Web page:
The stories of development

Less Wrong transcribes Tyler Cowen’s Tedx talk on stories:

…we should be suspicious of stories. We’re biologically programmed to respond to them. They contain a lot of information. They have social power. They connect us to other people. So they’re like a kind of candy that we’re fed when we consume political information, when we read novels. When we read nonfiction books, we’re really being fed stories.

…So what are the problems of relying too heavily on stories? You view your life like “this” instead of the mess that it is or it ought to be.

…narratives tend to be too simple. The point of a narrative is to strip it way, not just into 18 minutes, but most narratives you could present in a sentence or two. So when you strip away detail, you tend to tell stories in terms of good vs. evil, whether it’s a story about your own life or a story about politics.

…As a simple rule of thumb, just imagine every time you’re telling a good vs. evil story, you’re basically lowering your IQ by ten points or more. If you just adopt that as a kind of inner mental habit, it’s, in my view, one way to get a lot smarter pretty quickly.

What are the stories of development? Off the cuff thoughts:

  • Evil dictator versus good reformer
  • Africa resurgent
  • The tragedy of Africa
  • Good reformer becomes evil dictator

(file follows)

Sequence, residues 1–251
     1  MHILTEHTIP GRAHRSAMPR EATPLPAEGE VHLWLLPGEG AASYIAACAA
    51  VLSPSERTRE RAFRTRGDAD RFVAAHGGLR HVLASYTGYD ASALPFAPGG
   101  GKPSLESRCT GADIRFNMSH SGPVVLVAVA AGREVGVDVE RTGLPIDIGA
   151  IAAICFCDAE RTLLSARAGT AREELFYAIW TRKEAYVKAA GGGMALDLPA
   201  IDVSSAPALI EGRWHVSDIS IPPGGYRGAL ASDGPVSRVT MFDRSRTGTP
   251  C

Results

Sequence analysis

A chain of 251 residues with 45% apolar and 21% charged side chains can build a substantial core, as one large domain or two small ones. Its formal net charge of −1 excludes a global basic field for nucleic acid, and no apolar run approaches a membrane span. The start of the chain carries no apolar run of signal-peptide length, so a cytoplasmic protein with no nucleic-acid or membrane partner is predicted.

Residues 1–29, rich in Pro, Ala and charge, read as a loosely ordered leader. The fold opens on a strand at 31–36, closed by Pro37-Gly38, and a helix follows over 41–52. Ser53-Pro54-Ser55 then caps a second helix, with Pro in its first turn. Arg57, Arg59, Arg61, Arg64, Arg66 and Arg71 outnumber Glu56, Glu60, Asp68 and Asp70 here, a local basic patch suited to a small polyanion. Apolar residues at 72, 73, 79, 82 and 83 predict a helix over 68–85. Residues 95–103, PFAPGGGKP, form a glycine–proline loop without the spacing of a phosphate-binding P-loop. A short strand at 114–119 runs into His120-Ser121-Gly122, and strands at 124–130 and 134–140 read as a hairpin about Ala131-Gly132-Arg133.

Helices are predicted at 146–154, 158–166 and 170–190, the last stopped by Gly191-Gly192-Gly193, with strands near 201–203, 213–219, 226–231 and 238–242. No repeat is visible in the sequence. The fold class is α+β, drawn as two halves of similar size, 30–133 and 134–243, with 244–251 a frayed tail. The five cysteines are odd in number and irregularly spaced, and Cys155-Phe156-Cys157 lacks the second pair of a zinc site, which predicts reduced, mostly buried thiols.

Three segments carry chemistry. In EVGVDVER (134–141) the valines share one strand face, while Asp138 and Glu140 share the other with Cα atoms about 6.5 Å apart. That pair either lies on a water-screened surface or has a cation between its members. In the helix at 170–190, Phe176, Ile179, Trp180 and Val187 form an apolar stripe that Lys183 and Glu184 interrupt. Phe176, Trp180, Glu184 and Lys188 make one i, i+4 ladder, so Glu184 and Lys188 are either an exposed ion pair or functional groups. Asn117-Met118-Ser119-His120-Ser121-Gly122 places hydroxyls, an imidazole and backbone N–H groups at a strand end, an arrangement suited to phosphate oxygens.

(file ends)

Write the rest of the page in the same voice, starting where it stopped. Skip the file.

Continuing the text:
• The elusive quest for growth?

Did your IQ just drop 50 points?

(Sorry bout the last one, Bill, but I couldn’t resist. You of all people can afford to lose 10 points).

3 thoughts on “The stories of development

  1. I feel like aid bloggers (Professor Easterly included) use a lot of stories to debunk other aid stories. I don’t think that’s a bad thing, though an over-reliance on storytelling *is* a bad thing, of course, and in professor Easterly’s defense he’s used an awful lot of theory, data, and other alternatives.

    Anyway, I suppose a list of development stories should include:

    Randomization as the answer to the aid debate (maybe?)
    The Green Revolution
    Investments in (pick your public health program) have paid off
    “Divergence, big time,” followed by “Convergence, big time.”

  2. the other day at a child protection evidence summit in DC, reacting to someone’s plug for more qual research, more individual stories, a senior CDC guy said, “yes but the plural of story is not data.” got a laugh out of the crowd.